Management of Lower Back Pain in the Athlete, Part Two

Building an effective exercise plan for patients with back pain requires building a program from a structured framework. As discussed in part 1, the process to safely progress an athlete is as follows: introducing an exercise, stabilizing the response, and then progress the exercise.



However, this does not address the exercise selection process. There is currently no definitive evidence that one specific exercise strategy is superior when treating patients with chronic pain (Choi, Verbeek, Tam, & Jiang, 2010; Lederman, 2010). So theoretically, as long as the patient is doing some form of exercise program, they should benefit. This in not necessarily the case, the structure and selection do matter. Identifying the provocative patterns is crucial when working with these patients and that can only be achieved by really listening to what your patient is telling you.


The variables that we should consider are:

1. Historical postures, positions or movements that are pain producing.

2. Assess provocative positions and make appropriate mechanical changes whilst assessing response.

3. How much load to use when starting and how to progress.

a. Loading vs Capacity

i. If the load exceeds capacity, breakdown will occur.

4. Direction of the load application

a. Vertical, loads in squatting, horizontal loads in pressing/pulling, causing rotational forces to withstand or produce rotation

5. The load location in relationship to the spine

a. This regards the posture we assume

i. Are we front squatting, back squatting, goblet squatting?

6. Symmetry of the load

a. Pushing/pulling or carrying with one hand or two, stance, wide, staggered, kneeling, ½ kneeling.


Key Point: Understanding how postures and loads affect the individual will help to build the program.


We used the example of the box squat in part 1. Depending on the individual’s tolerance to the variables mentioned above, this exercise may not be tolerated and ultimately may produce pain. As the individual flexes forward from the hip, the load on the spine increases and may be a provoking factor. An alternative would be a trap bar pull from the floor, where the patient stands inside of the bar and the load is through the center of your body, the spine is more erect, minimizing forces on the back. Another possibility is performing a split squat maneuver where the spine is erect and the one foot is placed in front, and another behind as in the lunge position. This reduces forces on the spine and may be tolerated better without provoking pain.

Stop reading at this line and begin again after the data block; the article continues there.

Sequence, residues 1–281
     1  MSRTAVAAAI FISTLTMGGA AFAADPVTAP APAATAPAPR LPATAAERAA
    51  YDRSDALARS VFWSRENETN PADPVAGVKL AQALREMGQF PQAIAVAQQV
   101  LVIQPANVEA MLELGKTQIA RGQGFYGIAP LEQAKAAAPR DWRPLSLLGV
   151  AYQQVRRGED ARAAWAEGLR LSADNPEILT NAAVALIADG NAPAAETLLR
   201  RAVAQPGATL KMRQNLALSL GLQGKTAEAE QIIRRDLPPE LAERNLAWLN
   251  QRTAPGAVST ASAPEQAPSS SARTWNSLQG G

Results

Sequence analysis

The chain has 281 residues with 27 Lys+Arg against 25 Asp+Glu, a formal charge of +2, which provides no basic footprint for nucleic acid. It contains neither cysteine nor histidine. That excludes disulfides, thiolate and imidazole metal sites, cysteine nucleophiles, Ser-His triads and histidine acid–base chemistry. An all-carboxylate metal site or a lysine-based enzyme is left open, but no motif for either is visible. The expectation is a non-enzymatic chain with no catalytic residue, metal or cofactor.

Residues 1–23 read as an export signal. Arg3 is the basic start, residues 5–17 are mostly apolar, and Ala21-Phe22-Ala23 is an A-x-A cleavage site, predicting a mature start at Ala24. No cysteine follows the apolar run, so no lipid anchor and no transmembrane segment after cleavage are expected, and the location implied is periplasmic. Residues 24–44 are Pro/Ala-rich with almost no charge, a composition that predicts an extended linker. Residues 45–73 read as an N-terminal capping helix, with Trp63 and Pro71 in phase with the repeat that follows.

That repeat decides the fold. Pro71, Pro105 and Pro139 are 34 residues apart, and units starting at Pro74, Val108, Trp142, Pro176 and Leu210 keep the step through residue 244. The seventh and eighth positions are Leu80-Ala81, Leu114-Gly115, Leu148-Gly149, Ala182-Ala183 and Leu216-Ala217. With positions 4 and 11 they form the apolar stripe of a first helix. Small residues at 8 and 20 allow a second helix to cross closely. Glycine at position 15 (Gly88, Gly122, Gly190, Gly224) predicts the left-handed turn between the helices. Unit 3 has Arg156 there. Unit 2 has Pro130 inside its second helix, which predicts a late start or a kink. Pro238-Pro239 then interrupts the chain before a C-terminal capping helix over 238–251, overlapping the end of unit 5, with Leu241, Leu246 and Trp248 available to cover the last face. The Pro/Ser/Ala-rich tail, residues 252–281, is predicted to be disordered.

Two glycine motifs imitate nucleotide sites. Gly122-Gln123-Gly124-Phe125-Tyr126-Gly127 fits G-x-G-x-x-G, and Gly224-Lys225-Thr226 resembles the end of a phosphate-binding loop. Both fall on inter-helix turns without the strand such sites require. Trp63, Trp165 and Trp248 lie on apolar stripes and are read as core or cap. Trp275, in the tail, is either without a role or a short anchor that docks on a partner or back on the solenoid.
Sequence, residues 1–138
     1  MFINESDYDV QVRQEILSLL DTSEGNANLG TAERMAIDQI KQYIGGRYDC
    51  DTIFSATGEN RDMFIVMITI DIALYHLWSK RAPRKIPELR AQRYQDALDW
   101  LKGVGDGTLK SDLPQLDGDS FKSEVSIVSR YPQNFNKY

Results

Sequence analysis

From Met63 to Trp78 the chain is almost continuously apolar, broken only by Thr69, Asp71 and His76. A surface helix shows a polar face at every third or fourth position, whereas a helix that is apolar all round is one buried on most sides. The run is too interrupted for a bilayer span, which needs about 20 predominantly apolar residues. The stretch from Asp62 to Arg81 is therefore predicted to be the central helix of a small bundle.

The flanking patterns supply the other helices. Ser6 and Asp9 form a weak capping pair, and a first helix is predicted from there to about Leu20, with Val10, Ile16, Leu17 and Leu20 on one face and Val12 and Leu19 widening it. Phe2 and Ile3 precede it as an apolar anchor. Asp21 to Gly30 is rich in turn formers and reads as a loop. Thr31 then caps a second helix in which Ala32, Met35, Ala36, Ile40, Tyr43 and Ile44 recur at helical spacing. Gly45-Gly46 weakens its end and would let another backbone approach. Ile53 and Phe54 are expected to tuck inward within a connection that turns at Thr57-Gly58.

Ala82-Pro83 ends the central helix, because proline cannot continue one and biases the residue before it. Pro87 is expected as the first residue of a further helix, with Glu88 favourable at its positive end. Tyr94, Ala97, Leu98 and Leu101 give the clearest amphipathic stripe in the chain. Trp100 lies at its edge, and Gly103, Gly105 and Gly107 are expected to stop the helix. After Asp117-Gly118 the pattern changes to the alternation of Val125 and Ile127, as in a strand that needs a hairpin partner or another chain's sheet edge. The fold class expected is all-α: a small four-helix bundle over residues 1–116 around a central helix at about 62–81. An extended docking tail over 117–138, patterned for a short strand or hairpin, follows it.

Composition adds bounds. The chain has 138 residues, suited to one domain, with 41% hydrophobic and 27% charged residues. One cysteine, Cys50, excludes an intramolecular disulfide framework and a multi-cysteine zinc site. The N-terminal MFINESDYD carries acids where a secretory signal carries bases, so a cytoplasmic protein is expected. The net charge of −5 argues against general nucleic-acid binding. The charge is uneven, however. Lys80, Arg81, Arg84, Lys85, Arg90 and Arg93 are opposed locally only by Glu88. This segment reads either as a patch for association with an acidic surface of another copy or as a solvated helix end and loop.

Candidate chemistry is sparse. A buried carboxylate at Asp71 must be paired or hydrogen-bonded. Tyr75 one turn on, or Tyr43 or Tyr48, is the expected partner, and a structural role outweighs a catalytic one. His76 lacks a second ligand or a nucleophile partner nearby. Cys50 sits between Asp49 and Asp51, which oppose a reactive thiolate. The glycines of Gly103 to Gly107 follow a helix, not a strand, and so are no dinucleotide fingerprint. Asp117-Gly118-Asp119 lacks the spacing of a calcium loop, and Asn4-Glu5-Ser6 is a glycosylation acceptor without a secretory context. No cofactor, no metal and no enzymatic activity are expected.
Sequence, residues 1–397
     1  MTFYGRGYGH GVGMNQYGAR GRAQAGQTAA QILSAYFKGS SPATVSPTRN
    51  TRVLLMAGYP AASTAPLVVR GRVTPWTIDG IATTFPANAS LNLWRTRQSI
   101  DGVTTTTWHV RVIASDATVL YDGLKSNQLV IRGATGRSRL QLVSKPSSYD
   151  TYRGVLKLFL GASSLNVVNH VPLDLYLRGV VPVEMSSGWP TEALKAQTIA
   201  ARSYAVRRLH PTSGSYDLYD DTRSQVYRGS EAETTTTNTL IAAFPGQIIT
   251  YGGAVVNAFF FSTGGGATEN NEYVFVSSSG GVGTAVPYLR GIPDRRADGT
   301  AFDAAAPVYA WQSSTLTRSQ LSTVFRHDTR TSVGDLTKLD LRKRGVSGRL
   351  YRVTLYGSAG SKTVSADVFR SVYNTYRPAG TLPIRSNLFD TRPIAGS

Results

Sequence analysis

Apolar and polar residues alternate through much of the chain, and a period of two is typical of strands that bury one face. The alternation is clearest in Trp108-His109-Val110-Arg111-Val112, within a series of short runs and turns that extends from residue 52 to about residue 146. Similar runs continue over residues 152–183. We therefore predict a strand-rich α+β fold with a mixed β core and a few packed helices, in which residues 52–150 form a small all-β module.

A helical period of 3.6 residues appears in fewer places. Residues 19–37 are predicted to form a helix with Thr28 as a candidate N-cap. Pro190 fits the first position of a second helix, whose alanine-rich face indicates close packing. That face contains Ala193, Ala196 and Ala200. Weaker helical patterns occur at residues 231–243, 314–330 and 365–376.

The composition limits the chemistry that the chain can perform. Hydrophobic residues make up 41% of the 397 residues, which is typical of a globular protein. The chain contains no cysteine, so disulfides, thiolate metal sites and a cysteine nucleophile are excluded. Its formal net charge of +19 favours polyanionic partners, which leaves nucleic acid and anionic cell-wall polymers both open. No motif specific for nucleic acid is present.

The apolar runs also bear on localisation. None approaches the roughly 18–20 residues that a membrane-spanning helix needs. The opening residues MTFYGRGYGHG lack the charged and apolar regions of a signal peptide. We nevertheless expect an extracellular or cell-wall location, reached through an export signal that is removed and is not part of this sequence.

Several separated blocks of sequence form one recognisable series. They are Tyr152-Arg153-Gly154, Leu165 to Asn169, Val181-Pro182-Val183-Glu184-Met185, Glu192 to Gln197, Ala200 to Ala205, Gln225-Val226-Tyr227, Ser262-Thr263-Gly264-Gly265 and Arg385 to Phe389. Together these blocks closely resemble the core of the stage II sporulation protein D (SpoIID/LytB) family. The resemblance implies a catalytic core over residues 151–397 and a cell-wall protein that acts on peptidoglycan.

Key Point: The name of the game is improving capacity, increasing the degree of movement, load that can be handled for a given time or in a given position. Loading that exceeds capacity will lead to breakdown and delays in progress.


The evidence at this time shows us that lumbar stabilization exercise is a useful strategy to manage individuals with chronic lower back pain and to restore function. It is no better than any other strategy in chronic cases. Clinicians and coaches need to consider the individual, understand the demand of the sport, and prescribe the least provocative exercises to restore the individual to the highest level of performance possible. Programs should consider the variables outlined, be progressive in nature, be consistent with the demands of life and sport, and fulfill the goals of the individual.


The key is to find which exercise program brings on the least symptoms. For example, if you have symptoms in the low back and down the right leg below your knee, side planking will cause pressure on the right side when in the right-side plank. This will cause significant pain for some individuals. Farmers walking or suitcase carries may also be problematic because it puts a large load on the spine with every step on to the painful leg. Chopping from a standing wide parallel stance or shoulder taps from an elevated surface may be better tolerated than the previous two exercises as this posture improves stability, reducing forces on the back through a wide base of support and serves as a progression.